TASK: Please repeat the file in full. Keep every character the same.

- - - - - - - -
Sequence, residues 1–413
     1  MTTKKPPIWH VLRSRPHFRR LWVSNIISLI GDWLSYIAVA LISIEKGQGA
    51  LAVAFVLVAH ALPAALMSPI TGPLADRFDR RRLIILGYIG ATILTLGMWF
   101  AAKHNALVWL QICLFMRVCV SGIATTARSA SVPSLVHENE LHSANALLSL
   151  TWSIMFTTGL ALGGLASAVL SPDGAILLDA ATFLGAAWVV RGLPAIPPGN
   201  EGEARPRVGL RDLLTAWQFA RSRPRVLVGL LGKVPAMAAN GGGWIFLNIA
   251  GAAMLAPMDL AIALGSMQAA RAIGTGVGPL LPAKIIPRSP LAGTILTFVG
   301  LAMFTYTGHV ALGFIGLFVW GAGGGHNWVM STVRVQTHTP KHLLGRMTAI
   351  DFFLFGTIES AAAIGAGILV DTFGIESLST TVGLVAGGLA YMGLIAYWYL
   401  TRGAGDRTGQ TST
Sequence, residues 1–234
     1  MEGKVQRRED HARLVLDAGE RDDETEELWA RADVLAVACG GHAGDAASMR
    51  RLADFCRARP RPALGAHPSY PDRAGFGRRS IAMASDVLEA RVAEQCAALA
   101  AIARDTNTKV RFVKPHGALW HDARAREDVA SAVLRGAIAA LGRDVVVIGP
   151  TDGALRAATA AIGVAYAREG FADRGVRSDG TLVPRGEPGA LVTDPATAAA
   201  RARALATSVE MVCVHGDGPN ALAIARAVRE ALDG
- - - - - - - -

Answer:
Sequence, residues 1–413
     1  MTTKKPPIWH VLRSRPHFRR LWVSNIISLI GDWLSYIAVA LISIEKGQGA
    51  LAVAFVLVAH ALPAALMSPI TGPLADRFDR RRLIILGYIG ATILTLGMWF
   101  AAKHNALVWL QICLFMRVCV SGIATTARSA SVPSLVHENE LHSANALLSL
   151  TWSIMFTTGL ALGGLASAVL SPDGAILLDA ATFLGAAWVV RGLPAIPPGN
   201  EGEARPRVGL RDLLTAWQFA RSRPRVLVGL LGKVPAMAAN GGGWIFLNIA
   251  GAAMLAPMDL AIALGSMQAA RAIGTGVGPL LPAKIIPRSP LAGTILTFVG
   301  LAMFTYTGHV ALGFIGLFVW GAGGGHNWVM STVRVQTHTP KHLLGRMTAI
   351  DFFLFGTIES AAAIGAGILV DTFGIESLST TVGLVAGGLA YMGLIAYWYL
   401  TRGAGDRTGQ TST
Sequence, residues 1–234
     1  MEGKVQRRED HARLVLDAGE RDDETEELWA RADVLAVACG GHAGDAASMR
    51  RLADFCRARP RPALGAHPSY PDRAGFGRRS IAMASDVLEA RVAEQCAALA
   101  AIARDTNTKV RFVKPHGALW HDARAREDVA SAVLRGAIAA LGRDVVVIGP
   151  TDGALRAATA AIGVAYAREG FADRGVRSDG TLVPRGEPGA LVTDPATAAA
   201  RARALATSVE MVCVHGDGPN ALAIARAVRE ALDG